Team creates interactive, multisensory VR game
A team of researchers and developers from the Keio-NUS CUTE (Connective Ubiquitous Technology for Embodiments) Center at the National University of Singapore (NUS) has developed a novel mixed virtual reality game to bring about a unique multisensory interaction and experience for players. Four sensory streams are fused together simultaneously in a virtual reality (VR) game to achieve remarkable realism.
Called "The Lost Foxfire," the 10-minute game engages a player's senses of vision, audition (sense of hearing), olfaction (sense of smell), somatosensation (sense of touch) and thermoception (ability to sense intensity of heat). Besides relying on their vision and hearing, game players will also need to take cues from their senses of smell and touch to successfully complete the game.
Most conventional VR games use headsets and haptic bodysuits to mimic and amplify sensory feedback, for instance, to deliver the sensation of a cool breeze to match the visual scene of the moment. In contrast, the game set developed by Keio-NUS CUTE Center team brings VR multisensory bodysuits to a new level where real-time, life-like sensory feedback are used by players to make decisions that will directly impact the outcome of the gameplay.
In "The Lost Foxfire," players take on the role of a caretaker who is left in charge of looking after an old Japanese temple for one night. However, a Foxfire spirit bride who is on her way to her wedding got lost in the temple. She wanders about the temple grounds and has the tendency to set fire to everything she touches. Players will need to save the temple from burning down by putting out the fires that the distressed Foxfire spirit has started, and catching the original spirit from its numerous decoys to stop it from starting more fires.
The entire game system comprises a VR headset that is paired with a configurable multisensory suit that delivers thermal, wind and olfactory stimuli to the players in order to assist them in finding and, subsequently, stopping the Foxfire spirit from burning down the temple.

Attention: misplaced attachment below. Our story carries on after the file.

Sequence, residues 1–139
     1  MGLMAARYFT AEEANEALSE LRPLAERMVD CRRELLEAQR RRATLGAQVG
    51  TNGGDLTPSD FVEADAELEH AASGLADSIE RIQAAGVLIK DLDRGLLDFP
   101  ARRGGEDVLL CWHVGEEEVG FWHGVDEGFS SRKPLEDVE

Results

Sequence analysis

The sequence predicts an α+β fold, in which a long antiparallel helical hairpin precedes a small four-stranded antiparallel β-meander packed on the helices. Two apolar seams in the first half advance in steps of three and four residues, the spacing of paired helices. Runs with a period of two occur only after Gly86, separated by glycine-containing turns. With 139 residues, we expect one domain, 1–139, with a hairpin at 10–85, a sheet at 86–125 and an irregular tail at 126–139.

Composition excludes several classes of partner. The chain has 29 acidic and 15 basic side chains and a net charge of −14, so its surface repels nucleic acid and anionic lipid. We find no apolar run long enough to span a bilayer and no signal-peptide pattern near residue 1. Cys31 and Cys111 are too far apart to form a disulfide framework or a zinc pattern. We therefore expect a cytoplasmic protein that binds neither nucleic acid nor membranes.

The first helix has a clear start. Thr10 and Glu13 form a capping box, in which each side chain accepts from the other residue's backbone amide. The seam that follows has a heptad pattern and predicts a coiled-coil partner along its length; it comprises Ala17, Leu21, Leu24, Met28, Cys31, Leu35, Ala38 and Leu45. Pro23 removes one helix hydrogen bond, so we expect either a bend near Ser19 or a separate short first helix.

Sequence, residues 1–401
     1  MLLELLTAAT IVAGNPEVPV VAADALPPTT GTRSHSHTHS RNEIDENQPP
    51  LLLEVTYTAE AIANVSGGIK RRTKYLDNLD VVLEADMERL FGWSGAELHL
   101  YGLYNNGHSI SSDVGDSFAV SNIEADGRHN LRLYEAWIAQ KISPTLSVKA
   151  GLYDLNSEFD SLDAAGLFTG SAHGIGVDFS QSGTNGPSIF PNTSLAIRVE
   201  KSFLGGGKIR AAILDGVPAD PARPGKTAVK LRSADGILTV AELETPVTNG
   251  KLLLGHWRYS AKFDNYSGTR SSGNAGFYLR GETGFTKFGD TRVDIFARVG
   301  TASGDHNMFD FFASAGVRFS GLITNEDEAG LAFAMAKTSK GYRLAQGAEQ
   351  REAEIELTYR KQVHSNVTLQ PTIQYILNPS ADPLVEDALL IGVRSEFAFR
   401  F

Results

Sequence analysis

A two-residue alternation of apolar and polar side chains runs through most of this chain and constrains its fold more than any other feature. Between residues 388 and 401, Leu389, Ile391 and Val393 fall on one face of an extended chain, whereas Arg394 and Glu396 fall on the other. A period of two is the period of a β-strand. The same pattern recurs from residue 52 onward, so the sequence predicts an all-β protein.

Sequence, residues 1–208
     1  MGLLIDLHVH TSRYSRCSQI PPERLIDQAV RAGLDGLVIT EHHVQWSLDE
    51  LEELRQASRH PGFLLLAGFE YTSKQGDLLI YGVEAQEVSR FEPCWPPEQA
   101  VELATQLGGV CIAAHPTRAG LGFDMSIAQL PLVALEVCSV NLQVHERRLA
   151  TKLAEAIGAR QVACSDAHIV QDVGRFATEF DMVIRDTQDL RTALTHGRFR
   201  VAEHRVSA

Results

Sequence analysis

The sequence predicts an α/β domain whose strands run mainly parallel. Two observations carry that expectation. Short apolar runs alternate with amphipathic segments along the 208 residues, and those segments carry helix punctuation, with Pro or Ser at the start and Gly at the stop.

The adjustable suit is equipped with five heat modules that enable players to sense heat on the front, back and the sides of their necks, as well as on their faces. The thermal stimuli can be calibrated and customised to an individual's tolerance of warmth. As players spray the original Foxfire spirit with a fire extinguisher, they will catch a whiff of the scent of apples, a favourite fruit of foxes. As players get close to the real Foxfire, they could feel the heat it emits.
"The set up for 'The Lost Foxfire' game system is entirely portable so it can be put up in any room. The additional sensory cues in the form of heat and smell create a more immersive gameplay environment for the players, something rarely seen in current games," said Associate Professor Yen Ching-Chiuan, Co-Director of the Keio-NUS CUTE Center who supervises on the project.
The team comprising hardware and product engineers, artists, technology researchers and designers took nine months to develop the experimental game—from its conception, coding and building of special hardware, to graphic designing and animating. A patent has been filed for the technology behind the configurable multisensory suit.
Debut at the Tokyo Game Show's Sense of Wonder Night 2019
"The Lost Foxfire' debuted at the Tokyo Game Show 2019, the world's largest annual video game event that spotlights the latest trends and cutting-edge technologies for video games, in September 2019. "The Lost Foxfire," the only project hailing from Singapore, was one of the 86 projects that were chosen from 320 independent projects around the world for the Sense of Wonder Night showcase.
Diverse potential applications
Although "The Lost Foxfire' was first developed as an experimental game, its immersive simulation and experiential technology can be potentially extended to other applications. Besides paving the way for more immersive gaming experience to come, it could, for instance, be used to simulate unique scenarios for training purposes or to demonstrate fire safety so that users can safely experience a first-hand feel of the full scenario without the danger.